Local News

  • Eastview man indicted for exchanging sexual texts with minor

    A Hardin County grand jury indicted an Eastview man accused of texting a girl in an attempt to induce her to engage in sexual activity.

    Michael Dewayne Bishop, 30, faces a charge of unlawful use of electronic means to engage in sexual or other prohibited activities.

  • Taiwan native finds a way to give back in the Army

    Spc. Kwanghsin Wang, 27, has accomplished quite a bit since he first immigrated to the United States in 1995.

    Born the son of a pastor in Taiwan, Wang traveled with his family to Dallas when his father relocated to a church there.

    “When I came to the United States, I didn’t speak English,” Wang said.

    For a while, he only knew only a few words and phrases, but just by being in an English-speaking environment and later taking English as a second language, Wang quickly learned.

  • Councilman faces ethics complaints

    A city councilman and a former candidate have filed complaints against Councilman Bill Bennett with the Hardin County Board of Ethics. The men accuse him of violating a code of ethics by supporting a lien amnesty ordinance despite having two outstanding liens against him.

    Marty Fulkerson and Arnold Myers have asked the board to investigate and render a ruling on whether Bennett violated any ethical boundaries in his decision making.

    The complaints are related to two liens totaling about $268 which Bennett paid last week.

  • ECTC grads place in national competition

    Two Elizabethtown Community and Technical College graduates put their skills to the test and came out on top in the nation.

    Jeremy Dones won a gold medal in diesel equipment technology and Jacob Noel won a silver medal in industrial motor controls in the SkillsUSA competition in the summer. The competition tests students in their knowledge of their chosen technical field.

    Both Dones and Noel participated last year and performed well. Dones was asked to take part by his teachers.

  • St. Christopher celebrates furry and feathered Radcliff residents

    While churches generally are concerned with human souls, the focus shifted to other living things this weekend, which is why Leslie Cata was standing in the parking lot of St. Christopher Catholic Church with her two black Labradors.

    “I do believe in doggie heaven and I do want both of them to go there,” she said.

  • First Christian Church made Sunday about service

    In his 19 years with First Christian Church, Youth Minister Chris Kiger has seen lengths to which the church members will go to help.

    “Any time a need arises, this church steps up to the plate,” Kiger said. 

    Members of the Elizabethtown church shared this willingness to assist others Sunday in the church’s annual Day of Service. This is the third year the church has taken on tasks throughout the community. Kiger said it’s important for people to get “out of our comfort zone and serve,” he said.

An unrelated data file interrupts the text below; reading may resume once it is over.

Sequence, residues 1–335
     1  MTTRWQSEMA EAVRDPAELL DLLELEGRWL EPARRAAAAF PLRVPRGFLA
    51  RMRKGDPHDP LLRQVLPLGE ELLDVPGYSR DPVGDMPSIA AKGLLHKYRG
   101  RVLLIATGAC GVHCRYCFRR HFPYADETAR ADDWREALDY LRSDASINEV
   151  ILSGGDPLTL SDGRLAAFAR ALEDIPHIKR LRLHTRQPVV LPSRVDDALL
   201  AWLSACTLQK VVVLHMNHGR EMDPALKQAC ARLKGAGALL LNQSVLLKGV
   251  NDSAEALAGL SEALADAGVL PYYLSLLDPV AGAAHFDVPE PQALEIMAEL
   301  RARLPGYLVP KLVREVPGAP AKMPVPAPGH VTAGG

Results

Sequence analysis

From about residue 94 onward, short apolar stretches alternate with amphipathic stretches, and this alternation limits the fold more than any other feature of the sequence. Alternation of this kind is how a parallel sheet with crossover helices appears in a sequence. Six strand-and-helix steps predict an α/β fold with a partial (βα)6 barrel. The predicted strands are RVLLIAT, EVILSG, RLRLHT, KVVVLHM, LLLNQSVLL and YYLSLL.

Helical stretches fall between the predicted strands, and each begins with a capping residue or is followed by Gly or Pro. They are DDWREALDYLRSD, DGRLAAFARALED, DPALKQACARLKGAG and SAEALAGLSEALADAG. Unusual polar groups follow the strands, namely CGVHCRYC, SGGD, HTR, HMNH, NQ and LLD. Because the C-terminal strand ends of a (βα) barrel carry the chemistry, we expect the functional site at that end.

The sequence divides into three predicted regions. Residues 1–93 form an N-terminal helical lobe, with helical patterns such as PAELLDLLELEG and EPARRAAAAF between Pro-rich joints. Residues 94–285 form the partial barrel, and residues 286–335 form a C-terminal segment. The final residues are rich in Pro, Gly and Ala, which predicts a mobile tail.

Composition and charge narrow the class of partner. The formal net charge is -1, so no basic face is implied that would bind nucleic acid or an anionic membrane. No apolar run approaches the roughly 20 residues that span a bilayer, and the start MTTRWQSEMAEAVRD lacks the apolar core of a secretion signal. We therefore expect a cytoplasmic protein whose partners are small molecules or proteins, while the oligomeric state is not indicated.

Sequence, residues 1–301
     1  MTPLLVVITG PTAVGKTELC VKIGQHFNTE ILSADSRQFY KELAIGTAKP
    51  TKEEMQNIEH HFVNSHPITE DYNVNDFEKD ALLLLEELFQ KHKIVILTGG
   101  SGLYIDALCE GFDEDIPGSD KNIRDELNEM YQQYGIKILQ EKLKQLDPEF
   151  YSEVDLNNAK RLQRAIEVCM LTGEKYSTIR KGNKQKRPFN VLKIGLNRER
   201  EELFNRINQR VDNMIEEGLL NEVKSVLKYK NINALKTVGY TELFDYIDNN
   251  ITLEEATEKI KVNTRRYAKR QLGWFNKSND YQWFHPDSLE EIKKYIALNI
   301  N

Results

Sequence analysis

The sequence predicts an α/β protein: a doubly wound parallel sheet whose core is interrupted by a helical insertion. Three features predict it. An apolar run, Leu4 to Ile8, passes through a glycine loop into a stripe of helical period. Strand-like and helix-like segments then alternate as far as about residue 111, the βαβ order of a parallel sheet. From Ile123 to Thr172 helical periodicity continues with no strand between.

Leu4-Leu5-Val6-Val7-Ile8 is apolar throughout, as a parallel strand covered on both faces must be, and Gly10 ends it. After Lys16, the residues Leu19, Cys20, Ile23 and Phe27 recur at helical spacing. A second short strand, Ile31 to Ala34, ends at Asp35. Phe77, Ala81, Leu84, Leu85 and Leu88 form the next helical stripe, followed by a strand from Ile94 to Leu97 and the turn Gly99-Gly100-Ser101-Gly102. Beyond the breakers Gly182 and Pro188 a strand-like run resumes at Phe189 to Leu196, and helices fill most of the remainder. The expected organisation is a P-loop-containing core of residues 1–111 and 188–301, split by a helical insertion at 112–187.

• Locals take part in national Life Chains event

    A collection of Hardin County residents exercised their rights Sunday while seeking a right they feel is missing for a vulnerable population.

    Local churches took part in the Life Chains event sponsored by the Right to Life Kentucky Heartland organization. Participants lined up along roadways in the county holding signs with assurances of help for pregnant women and pleas for abortions in the United States to cease.

  • Hudgin takes part in Honor Flight

    “It was wonderful, amazing,” said World War II U.S. Navy veteran Harry Hudgin, after returning Sept. 21 from the Touchstone Energy Honor Flight. “I just really appreciate Nolin RECC for the trip and for all this recognition.”

  • Chestnut sets world record at Radcliff egg-eating championship

    Joey Chestnut’s white Major League Eating T-shirt had become transparent and was starting to cling to his frame. It didn’t escape the notice of MLE Chairman George Shea.

    “It’s like a wet T-shirt contest gone horribly wrong,” Shea shouted to the crowd, as Chestnut and his fellow competitors voraciously tore through pan after pan of hard-boiled eggs in the pouring rain.

  • Coroner: Couple die in apparent murder-suicide

    When Bill Smith’s wife died earlier this year, his neighbors across the street, Wendy and William Bays, not only went to the funeral but brought him cookies and offered to cook him meals.

    Smith recalled frequently speaking with the couple in his driveway. Wendy Bays delivered mail, he said, and William Bays owned an appliance repair business and had worked on Smith’s appliances in the past.